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House Subpanel Expands, Advances 20-Week Abortion Ban Legislation

House Subpanel Expands, Advances 20-Week Abortion Ban Legislation

June 5, 2013 — A House Judiciary subcommittee on Tuesday advanced a measure (HR 1797) that would ban many abortions after 20 weeks of pregnancy after amending the bill to apply nationwide, The Hill's "Healthwatch" reports (Viebeck, "Healthwatch," The Hill, 6/4).

The bill -- sponsored by subcommittee Chair Trent Franks (R-Ariz.) -- originally applied only to Washington, D.C., but Franks last month announced plans to expand it to apply nationwide in response to the case of illegal abortion provider Kermit Gosnell, who was recently convicted of three counts of first-degree murder in the deaths of newborn infants, along with hundreds of other charges (Women's Health Policy Report, 5/24).

The bill is based on the disputed theory that fetuses can experience pain at 20 weeks. It would permit exceptions to save a woman's life but not in cases of rape or incest ("Healthwatch," The Hill, 6/4).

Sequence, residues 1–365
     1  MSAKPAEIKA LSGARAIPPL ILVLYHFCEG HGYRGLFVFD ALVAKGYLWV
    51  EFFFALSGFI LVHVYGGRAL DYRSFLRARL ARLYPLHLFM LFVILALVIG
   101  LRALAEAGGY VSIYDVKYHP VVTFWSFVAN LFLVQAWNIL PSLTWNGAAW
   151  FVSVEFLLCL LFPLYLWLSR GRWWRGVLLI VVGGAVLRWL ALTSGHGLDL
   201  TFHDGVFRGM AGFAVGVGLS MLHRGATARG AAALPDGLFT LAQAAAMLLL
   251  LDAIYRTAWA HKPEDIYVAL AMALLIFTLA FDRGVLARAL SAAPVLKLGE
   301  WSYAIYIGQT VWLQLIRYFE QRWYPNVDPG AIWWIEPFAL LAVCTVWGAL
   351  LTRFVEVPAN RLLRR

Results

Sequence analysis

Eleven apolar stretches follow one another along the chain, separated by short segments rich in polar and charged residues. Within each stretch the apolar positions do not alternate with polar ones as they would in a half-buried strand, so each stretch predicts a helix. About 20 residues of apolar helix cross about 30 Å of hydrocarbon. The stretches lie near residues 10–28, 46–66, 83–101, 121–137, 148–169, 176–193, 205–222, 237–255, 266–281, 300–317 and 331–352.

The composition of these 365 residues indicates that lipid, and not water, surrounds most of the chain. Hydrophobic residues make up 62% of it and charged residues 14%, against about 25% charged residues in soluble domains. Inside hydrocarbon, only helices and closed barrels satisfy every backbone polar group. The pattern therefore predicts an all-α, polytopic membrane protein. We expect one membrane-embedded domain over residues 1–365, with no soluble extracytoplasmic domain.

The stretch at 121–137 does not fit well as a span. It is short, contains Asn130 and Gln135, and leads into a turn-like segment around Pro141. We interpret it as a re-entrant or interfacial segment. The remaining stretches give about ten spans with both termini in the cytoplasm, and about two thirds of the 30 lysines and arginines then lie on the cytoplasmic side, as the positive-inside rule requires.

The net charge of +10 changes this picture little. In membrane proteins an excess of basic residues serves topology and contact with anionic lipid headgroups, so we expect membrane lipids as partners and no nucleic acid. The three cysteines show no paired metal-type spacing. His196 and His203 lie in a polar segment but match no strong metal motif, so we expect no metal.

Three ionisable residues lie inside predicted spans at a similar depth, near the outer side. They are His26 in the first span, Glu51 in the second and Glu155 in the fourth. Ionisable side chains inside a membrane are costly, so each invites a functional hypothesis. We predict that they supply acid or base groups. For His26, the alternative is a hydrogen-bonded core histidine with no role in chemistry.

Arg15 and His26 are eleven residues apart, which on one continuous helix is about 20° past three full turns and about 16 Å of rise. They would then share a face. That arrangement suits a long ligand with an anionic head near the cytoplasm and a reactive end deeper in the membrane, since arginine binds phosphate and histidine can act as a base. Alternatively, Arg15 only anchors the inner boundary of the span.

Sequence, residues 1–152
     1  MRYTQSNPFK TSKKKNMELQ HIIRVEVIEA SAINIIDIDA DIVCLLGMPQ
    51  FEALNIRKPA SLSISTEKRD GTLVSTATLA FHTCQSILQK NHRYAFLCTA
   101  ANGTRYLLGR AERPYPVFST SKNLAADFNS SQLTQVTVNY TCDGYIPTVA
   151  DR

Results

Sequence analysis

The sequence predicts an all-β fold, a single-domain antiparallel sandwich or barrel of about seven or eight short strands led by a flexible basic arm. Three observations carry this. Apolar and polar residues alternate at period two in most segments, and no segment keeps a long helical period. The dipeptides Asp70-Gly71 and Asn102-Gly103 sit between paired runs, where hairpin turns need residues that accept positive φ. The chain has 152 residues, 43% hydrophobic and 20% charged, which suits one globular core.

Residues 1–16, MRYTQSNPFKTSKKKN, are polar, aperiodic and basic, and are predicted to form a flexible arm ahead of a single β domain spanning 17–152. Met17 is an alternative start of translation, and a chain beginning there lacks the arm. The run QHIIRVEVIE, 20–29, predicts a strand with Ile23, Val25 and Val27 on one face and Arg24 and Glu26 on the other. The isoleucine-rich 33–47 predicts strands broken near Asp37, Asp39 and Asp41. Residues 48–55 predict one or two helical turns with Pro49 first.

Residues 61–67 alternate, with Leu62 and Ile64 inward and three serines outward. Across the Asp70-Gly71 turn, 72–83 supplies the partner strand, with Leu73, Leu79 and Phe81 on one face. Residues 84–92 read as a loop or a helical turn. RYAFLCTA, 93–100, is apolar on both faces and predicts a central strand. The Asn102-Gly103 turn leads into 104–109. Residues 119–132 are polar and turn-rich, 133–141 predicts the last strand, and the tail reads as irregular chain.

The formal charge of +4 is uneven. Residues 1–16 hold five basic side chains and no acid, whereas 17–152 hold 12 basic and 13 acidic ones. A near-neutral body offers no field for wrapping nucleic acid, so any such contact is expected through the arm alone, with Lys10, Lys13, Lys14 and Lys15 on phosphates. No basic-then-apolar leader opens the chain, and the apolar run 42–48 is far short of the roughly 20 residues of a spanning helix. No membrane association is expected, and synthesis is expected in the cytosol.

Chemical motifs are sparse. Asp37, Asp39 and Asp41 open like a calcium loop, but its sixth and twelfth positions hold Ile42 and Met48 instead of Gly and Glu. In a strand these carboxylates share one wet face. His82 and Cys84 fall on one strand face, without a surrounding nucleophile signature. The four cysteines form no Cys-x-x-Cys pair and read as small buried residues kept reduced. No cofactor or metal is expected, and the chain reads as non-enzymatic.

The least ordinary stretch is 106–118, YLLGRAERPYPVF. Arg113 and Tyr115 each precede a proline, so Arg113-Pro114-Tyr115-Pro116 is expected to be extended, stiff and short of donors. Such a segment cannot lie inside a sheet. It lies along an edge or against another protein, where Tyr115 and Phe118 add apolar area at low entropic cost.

Bill's Prospects

It is unclear whether House GOP leaders will bring the bill to the floor, according to CQ Roll Call's "Goppers." Further, House Judiciary Committee Chair Robert Goodlatte (R-Va.) has not stated whether he will bring it before the full committee (Dumain, "Goppers," CQ Roll Call, 6/4).

Last year, Franks introduced a similar bill (HR 3803) -- which applied only to Washington, D.C. -- but it failed to pass the House because it was considered under a procedure that requires bills to receive the support of at least two-thirds of members to pass (Women's Health Policy Report, 5/24).

Franks believes this year's bill could gain traction with GOP leaders looking for a way to respond to the Gosnell trial, according to "Goppers" ("Goppers," CQ Roll Call, 6/4).

Abortion-rights groups are fighting the bill. Nancy Northup -- president and CEO of the Center for Reproductive Rights -- said in a statement, "It is astonishing that the Subcommittee on the Constitution would support such a clear affront to the U.S. Constitution -- especially when everywhere similar laws have been challenged in the courts, they have been immediately blocked" ("Healthwatch," The Hill, 6/4).